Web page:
Scheduling. It just might be the holy grail of manufacturing. Its power is legendary. Mysterious groups are rumored to possess it.
Like King Arthur, manufacturing company leaders assemble teams and send them on quests in search of it. These Knights of Manufacturing seek an object, a software application that, once possessed, will grant the company ultimate power. The problem isn’t that those who seek scheduling aren’t worthy. As with the legend, the problem is that, those who seek scheduling spend considerable time and resources searching for something that is poorly defined, often misleading and may not even exist.
In manufacturing, scheduling is the assignment of all the processes, resources and capacities related to fabricating a part. It is typically referred to as either “backward” or “forward” in nature. Backward Scheduling works from the due date of a part to determine the start date of the fabrication process. Forward Scheduling works from the date resources needed to fabricate the part become available in order to determine a delivery date. Scheduling software uses computer algorithms to optimize the required process so that resources are used at the most effective time, based on the company’s backward or forward process.
If you ask two different people at the same manufacturing company whether they schedule backward or forward you will likely get two different answers, neither of which is accurate. Most companies really do “schedule” backward and forward, at the same time. They use a “forward scheduling” model on the commercial side of the business where a quote is generated, by applying a time and cost formula to the part. This usually involves counting the number of holes and bends, adding an allowance for scrapped parts, estimating the labor and material to be consumed and estimating the machine cutting time. Then, on the manufacturing side, the company uses a “backward scheduling” model in order to be lean and meet the promised delivery date. This makes the quest for scheduling a little more Monty Python than King Arthur and creates a multi-billion dollar software industry in the process.
The company seeks only a software application that will help them deliver on time; one that will put the fires out and end the confusion between sales and production. They see no reason why scheduling software won’t solve their problem especially if it can be linked into their quoting package, print nice routers and work with bar codes. And so, in love with the power the grail will bring them, another quest begins for scheduling software without even knowing what it looks like.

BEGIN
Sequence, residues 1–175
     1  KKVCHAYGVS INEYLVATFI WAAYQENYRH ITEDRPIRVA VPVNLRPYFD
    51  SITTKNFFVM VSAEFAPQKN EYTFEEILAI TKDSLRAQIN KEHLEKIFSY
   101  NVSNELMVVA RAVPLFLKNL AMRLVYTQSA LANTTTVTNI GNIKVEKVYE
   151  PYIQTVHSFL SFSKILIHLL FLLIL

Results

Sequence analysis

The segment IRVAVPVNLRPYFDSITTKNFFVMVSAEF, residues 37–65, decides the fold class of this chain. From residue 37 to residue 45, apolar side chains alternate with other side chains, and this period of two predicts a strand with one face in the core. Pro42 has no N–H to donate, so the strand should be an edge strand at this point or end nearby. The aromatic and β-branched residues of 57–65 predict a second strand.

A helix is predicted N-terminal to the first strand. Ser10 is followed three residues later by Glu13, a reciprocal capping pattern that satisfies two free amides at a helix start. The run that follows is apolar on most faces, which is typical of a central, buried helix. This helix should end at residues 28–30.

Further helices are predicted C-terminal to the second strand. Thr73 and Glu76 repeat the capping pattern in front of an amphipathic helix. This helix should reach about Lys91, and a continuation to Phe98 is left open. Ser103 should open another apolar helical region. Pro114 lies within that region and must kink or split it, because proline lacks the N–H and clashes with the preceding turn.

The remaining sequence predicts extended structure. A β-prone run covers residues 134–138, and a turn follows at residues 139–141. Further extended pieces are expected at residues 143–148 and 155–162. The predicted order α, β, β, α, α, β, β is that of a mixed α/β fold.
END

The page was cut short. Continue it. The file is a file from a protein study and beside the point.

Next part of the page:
The seekers soon find scheduling software everywhere and it all looks the same. Which one is the true grail? Legend says it has a backward-finite scheduling algorithm; but, what about Capacity Planning? Some claim to have Advanced Planning and Scheduling (APS) in order to optimize the required materials and capacity needed while scheduling production against resources simultaneously. There are Finite Capacity Scheduling algorithms, which allocate resources over time with capacity that is set. And, there are Infinite Capacity Scheduling algorithms, which outline operations without regard for capacity or resource loads. Then, there is Order-based scheduling (OBS), which prioritizes parts by a shop’s set work-in-progress (WIP) criteria. Rumor has it that the one that can run “what-if” scenarios is the true grail and it creates a Master Production Schedule (MPS).
What if the grail doesn’t exist? “Scheduling” by definition is not an object that one can attain. It is not a noun; it’s a verb. Companies take on this quest for scheduling every day and just when they think they have it in their possession, they discover too late that the grail has eluded them. Maybe there is no grail at all, only the idea of a perfectly scheduled shop. Companies, like King Arthur’s Camelot, could spend their entire existence in search of this ideal only to fall apart. Why? Because, let’s be honest, in the real world, a customer with an order determines the schedule.
So, rather than spending time on a legendary quest for a potentially unobtainable ideal, why not use real data, such as actual costs for labor and materials to make real quotes? Why not make production decisions based on real deadlines, real work in process, actual costs, exact lead times, and real inventory? Wouldn’t knowing the real aspects of your manufacturing process be more powerful than chasing an ideal? Wouldn’t software that reports critical data, in real-time be a better investment? Don’t make schedules -- make informed decisions.
Lantek Sheet Metal Solutions is the world’s largest provider of integrated CAD, CAM, Nesting, ERP and Automation solutions. Lantek is chosen by more customers and machine manufacturers worldwide than any other product to conserve time and material in manufacturing. Founded in 1986, Lantek has more than 11,000 customers in 100 countries worldwide. Lantek’s world headquarters is in Vitoria-Gasteiz Spain and US headquarters is in Mason, OH. Lantek is supported by offices all over the world.
Lantek Systems, Inc.